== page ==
Sandia inks agreement with Lifeloc to develop drug abuse technology
Sandia inks license agreement with Lifeloc to develop drug abuse technology
Sandia has signed a licensing agreement with Lifeloc Technologies Inc. that will allow the manufacturer to develop and market Sandia’s patented SpinDx technology to detect drug abuse.
SpinDx uses a centrifugal disk with microfluidic flow paths that allows multiple tests to be carried out on a single, small sample. This technology, sometimes referred to as “lab on a disk,” could be used to develop devices and tests for roadside, emergency room, and workplace environments to rapidly and quantitatively detect a panel of drugs of abuse.
Technology has broad applications
“SpinDx can run multiple assays in a minute from a single drop of blood or other bodily fluid, making it a great fit in Lifeloc Technologies’ work in helping to detect drug abuse,” says Anup Singh (8600), director of Sandia’s Biological and Materials Sciences Center. “SpinDx has broad application beyond detection of drugs of abuse to food and water safety, medical diagnostics, and bio-agent detection.”
Lifeloc Technologies manufactures and exports breath alcohol testers and related training and supplies for workplace, law enforcement, corrections, and international customers.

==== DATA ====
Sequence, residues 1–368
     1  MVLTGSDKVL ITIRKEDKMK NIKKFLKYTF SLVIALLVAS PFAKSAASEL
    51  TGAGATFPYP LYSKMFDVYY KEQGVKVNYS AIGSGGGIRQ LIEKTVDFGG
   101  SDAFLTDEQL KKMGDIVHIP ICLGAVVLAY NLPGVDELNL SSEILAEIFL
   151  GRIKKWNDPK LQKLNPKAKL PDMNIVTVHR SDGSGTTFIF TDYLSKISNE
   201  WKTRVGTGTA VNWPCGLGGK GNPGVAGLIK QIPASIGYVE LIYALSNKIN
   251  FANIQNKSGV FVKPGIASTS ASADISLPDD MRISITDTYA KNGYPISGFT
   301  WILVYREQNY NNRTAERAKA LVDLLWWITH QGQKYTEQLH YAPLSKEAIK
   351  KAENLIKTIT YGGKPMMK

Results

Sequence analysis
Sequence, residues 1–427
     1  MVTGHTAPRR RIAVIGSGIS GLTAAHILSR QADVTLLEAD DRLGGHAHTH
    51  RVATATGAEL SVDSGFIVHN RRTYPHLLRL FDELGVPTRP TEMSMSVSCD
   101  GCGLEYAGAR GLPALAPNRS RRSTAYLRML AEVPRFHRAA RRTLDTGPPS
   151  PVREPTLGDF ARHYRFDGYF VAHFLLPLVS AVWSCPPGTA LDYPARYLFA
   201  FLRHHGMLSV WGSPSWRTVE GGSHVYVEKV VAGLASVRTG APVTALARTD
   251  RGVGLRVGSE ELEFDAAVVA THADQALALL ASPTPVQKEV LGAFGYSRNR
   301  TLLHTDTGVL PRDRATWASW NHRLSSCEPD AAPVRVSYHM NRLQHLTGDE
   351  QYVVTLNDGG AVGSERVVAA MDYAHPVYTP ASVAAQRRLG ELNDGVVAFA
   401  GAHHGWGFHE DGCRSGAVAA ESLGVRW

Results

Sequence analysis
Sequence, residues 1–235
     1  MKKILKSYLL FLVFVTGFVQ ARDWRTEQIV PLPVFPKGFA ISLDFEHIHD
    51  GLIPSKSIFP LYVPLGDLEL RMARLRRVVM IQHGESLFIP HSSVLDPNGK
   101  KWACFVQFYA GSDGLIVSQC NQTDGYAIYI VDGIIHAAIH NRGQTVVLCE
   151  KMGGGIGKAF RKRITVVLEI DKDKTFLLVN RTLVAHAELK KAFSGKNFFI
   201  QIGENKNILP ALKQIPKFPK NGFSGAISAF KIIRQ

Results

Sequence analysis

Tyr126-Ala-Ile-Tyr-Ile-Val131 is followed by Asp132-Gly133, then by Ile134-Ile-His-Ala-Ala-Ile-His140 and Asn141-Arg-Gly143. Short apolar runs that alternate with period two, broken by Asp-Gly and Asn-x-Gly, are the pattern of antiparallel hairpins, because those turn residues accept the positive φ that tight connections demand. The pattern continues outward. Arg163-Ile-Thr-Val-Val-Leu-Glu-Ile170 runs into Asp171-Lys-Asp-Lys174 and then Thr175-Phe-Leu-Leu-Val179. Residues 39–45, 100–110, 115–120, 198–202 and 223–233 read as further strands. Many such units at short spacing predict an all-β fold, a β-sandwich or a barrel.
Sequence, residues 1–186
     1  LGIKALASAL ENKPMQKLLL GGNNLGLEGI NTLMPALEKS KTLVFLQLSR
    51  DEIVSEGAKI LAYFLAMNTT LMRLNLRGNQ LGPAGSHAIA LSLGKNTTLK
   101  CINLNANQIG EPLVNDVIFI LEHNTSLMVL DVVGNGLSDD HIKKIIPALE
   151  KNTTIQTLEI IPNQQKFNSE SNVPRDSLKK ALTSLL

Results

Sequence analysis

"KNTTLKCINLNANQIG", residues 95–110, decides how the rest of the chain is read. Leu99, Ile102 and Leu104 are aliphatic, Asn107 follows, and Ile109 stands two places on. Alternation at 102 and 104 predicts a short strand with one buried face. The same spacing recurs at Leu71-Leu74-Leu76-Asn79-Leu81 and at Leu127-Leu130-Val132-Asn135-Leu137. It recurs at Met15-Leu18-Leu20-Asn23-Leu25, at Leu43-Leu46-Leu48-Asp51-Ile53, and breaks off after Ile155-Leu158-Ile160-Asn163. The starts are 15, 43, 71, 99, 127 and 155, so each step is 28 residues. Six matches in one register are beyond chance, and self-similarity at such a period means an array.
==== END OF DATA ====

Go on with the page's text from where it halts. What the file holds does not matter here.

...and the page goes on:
Lifeloc CEO Wayne Willkomm says the license agreement is a great way for Lifeloc to leverage Sandia’s technical resources to advance SpinDx to development and ultimately into commercialization.
“As marijuana legalization spreads across the country and the world, the need to get rapid and reliable testing methods to law enforcement officers will only increase,” Willkomm says. “Providing this technology is consistent with Lifeloc’s corporate mission to make our roads and workplaces safer.”
This technology began with Sandia’s basic research to develop devices to rapidly identify trace levels of biotoxins to combat terrorism. It has been advanced to drugs of abuse through years of work under a cooperative research and development agreement between Lifeloc and Sandia. Feasibility of detection has already been demonstrated for very low levels of delta-9-THC, cocaine, and methamphetamine.